Christopher manages to be brutally honest at the same time he is full of hope and encouragement about why the church should be excited to ask for generous gifts. He makes the case for the church and its ministries as unique in their ability to offer hope and good news in troubled times, to transform people’s lives from the inside out. He reminds us of why our mission matters, and inspires me to tell our church’s story more effectively and ask for generous gifts more boldly.

In my church, we have put into practice many of the ideas that we read in Christopher’s first book, but we definitely could have used the roadmap provided in this second volume. While you could read both books cover-to-cover, I would recommend reading the first book with a group of lay leaders, and then discussing it. When you find ideas you want to implement, then you can read just those sections of Whose Offering Plate Is It? together and use the strategies to get started. As you grow into Christopher’s ideas, you can return to this volume for the practical tools you need.

Again because this post didn’t happen until late in the week, this is closer to my final manuscript for the sermon than a sermon sapling. Hopefully all will be back on track next week.

Highlighted Passage: Matthew 2:1-12

Wise Men by Viviana Vazquez Santiago

What’s the first thing you think of when you think of the three wise men? I’m guessing that the top three, in no particular order, are the camels, the star, and the gifts of gold, frankincense and myrrh. Gold, frankincense and myrrh are usually right there in our minds when we think of the wise men.

The travelers from the east described in Matthew’s Gospel, be they wise men or magi or astrologers, are linked forever in our minds with the gifts they brought to the Christ child. We even assume that there are three of them simply because they had three gifts. “We three kings of Orient are, bearing gifts we traverse afar.” When we think of the wise men, we think about them bearing gifts. We imagine their journey’s purpose to deliver those gifts to baby Jesus, as a sign of his spiritual importance beyond simply the Jewish community of Palestine.

Last year, B was playing with our nativity, and I wrote about some of the games he played. One involved arranging and rearranging the various figures, announcing the lineup each time: “Sheep, shepherd, mouse, mouse, treasure guy, Mary, camel, treasure guy, horse, cow, Baby Jesus, treasure guy.” Another involved the baby Jesus shouting to those treasure guys, “Hey wise men! Come bring me my presents!” Even a two-year-old (at the time) knows that the wise men are all about the presents.

But what if, originally, they weren’t?

By originally, I don’t mean before 2000 years of tradition got hold of them. I don’t even mean before Matthew crafted the story and added his own layers of interpretation. I mean really, really originally—like before they even set out on their journey to follow the star.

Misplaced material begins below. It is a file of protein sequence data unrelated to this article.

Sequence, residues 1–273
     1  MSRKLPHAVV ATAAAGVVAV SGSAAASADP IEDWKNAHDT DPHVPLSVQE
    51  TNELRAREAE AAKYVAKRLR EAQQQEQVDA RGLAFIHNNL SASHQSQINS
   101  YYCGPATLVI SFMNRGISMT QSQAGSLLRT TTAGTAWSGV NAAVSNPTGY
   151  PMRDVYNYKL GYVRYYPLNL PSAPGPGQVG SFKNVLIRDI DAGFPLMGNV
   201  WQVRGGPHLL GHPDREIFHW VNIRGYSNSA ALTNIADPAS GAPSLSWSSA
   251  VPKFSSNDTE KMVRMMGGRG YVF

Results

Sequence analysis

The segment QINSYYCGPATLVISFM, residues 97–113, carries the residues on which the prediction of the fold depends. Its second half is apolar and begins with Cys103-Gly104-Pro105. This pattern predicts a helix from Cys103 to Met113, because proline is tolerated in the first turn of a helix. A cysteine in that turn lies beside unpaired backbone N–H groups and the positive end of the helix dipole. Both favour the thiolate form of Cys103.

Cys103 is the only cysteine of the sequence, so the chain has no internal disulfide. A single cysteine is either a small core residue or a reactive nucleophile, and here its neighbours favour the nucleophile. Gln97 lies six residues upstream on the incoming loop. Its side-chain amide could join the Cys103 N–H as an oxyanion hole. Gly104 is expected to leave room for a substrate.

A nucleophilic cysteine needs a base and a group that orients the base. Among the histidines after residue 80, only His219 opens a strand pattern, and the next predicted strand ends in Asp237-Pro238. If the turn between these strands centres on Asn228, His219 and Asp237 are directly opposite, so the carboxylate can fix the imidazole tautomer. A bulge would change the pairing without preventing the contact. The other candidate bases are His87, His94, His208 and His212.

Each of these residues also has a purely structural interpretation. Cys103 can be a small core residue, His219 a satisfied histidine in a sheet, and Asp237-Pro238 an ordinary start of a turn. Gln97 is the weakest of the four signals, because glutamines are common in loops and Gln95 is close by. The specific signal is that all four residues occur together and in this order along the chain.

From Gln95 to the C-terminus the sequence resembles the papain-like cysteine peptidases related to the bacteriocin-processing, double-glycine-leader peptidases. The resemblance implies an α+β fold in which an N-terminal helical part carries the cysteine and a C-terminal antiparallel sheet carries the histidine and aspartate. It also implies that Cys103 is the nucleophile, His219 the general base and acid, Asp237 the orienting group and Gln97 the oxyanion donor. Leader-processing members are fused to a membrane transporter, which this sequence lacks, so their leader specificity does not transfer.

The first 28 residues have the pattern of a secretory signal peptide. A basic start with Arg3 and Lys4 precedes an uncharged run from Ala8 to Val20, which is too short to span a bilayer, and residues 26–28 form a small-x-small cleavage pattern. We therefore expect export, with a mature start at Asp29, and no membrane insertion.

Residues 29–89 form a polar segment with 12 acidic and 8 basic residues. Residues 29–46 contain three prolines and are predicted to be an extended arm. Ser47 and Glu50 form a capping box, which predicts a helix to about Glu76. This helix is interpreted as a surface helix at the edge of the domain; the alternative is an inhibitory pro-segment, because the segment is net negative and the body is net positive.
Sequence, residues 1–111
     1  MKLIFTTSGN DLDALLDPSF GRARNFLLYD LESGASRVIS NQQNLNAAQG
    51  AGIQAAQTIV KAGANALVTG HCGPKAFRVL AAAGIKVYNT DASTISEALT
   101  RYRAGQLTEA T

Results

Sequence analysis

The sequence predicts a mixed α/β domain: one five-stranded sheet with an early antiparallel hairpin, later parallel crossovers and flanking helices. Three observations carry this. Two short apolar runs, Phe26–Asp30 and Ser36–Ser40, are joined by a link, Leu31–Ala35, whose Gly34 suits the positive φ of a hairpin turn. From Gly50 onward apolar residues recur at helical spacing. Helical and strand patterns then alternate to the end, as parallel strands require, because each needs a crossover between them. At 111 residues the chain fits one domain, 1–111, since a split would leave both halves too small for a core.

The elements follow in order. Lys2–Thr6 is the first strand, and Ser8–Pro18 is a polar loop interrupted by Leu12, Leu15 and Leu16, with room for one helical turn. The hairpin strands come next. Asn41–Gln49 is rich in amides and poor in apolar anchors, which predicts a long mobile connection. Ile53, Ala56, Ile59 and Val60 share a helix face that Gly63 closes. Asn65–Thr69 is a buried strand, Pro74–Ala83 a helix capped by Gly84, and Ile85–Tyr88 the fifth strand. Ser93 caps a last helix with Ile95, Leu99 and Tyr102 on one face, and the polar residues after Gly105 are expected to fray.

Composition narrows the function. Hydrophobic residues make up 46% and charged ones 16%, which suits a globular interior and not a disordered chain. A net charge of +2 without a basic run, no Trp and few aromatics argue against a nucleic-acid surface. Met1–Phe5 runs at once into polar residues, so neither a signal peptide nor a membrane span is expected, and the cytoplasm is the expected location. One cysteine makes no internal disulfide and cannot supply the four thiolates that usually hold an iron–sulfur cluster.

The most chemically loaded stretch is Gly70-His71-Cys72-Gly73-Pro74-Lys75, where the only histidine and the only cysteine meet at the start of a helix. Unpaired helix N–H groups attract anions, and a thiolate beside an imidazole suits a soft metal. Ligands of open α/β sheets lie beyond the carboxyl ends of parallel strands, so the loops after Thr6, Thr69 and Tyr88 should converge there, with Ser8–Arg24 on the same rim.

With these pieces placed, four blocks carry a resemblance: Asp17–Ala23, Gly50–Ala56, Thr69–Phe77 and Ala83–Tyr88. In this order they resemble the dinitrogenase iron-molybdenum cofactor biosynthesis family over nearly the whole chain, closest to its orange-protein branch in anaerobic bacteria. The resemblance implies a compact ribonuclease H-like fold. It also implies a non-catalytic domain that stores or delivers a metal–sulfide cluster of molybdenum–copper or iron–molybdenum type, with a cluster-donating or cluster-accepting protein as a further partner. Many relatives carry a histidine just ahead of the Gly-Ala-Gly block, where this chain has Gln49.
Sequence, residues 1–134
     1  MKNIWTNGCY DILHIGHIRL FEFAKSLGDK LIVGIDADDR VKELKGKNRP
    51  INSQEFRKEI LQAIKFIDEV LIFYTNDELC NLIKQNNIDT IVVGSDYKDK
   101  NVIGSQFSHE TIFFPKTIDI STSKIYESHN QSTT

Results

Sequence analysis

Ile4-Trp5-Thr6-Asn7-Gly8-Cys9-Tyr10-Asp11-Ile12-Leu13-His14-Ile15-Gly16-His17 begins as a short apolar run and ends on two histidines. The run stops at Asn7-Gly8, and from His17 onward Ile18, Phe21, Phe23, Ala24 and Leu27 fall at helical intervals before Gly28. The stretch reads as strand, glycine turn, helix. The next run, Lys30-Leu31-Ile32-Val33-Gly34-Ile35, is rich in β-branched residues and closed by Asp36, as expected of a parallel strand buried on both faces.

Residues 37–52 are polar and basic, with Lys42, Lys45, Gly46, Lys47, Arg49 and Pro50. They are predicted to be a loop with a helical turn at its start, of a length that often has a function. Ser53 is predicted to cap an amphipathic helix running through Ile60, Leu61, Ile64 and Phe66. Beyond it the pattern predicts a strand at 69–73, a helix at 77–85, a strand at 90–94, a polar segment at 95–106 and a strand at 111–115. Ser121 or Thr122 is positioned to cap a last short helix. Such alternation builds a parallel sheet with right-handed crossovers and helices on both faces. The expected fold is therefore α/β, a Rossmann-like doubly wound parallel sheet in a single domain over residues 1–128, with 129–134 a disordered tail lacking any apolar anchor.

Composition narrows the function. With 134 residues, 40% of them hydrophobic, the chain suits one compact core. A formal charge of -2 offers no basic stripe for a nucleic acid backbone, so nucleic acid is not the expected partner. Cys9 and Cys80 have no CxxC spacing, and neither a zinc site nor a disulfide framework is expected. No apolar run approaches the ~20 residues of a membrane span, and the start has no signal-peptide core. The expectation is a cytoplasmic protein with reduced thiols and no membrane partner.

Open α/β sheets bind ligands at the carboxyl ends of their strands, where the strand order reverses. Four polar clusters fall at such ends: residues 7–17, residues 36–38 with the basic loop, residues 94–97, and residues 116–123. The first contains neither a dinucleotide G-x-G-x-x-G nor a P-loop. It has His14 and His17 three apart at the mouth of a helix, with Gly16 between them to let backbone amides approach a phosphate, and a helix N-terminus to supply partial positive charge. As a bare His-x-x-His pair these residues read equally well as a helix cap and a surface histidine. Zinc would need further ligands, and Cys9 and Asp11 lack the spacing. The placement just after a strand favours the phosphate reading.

I read the scripture this year, and I noticed something different. And it made me wonder about that “originally.” What if, originally, the wise men didn’t set out to bring him presents? What if, originally, they just came to pay homage, and the presents were a spontaneous gesture?

Wise Men Journeying to Bethlehem by James Tissot

Look closely again at the scripture. Three times in this short passage from Matthew, we are told that the wise men come to Jesus to “pay him homage.” They tell King Herod they have traveled to “pay him homage.” King Herod responds asking for information so that he can “pay homage” too. Then, when they arrive, they “knelt down and paid him homage.” It was clearly what they came to do, the purpose of their journey and their visit.

Then comes the turn of phrase that caught my eye this time around. In the NRSV it says, “Then, opening their treasure chests, they offered him gifts of gold, frankincense and myrrh.” I checked a bunch of other versions, and it’s pretty much the same. They came to pay him homage, and then they opened their treasure chests and started to offer him gifts. And they were their treasure chests that they opened–not gifts they had brought with them. So what if they originally just came to bow down and pay Christ homage, and the gifts they gave were not a part of the plan, but instead a generous response to their overwhelming encounter with him?

Adoration of the Magi by Bartolome Esteban Murillo

Before I took this theory too far, I wanted to check it out. After all, maybe “paying homage” somehow implied that presents were involved, that giving honor meant giving gifts. So I did a little research into the Greek. The word that is translated as “pay homage” is the Greek proskuneo, (Strong’s G4352). It is usually translated as paying homage, bowing down or prostrating oneself. It comes from two other Greek words: pros, meaning toward or in the direction of, and kuneo, which is a derivative of the noun “dog,” and means to kiss, like a dog licking a master’s hand. A bit strange, perhaps, but proskuneo, paying homage, seems to say a lot about dog-like devotion, and little or nothing about giving gifts.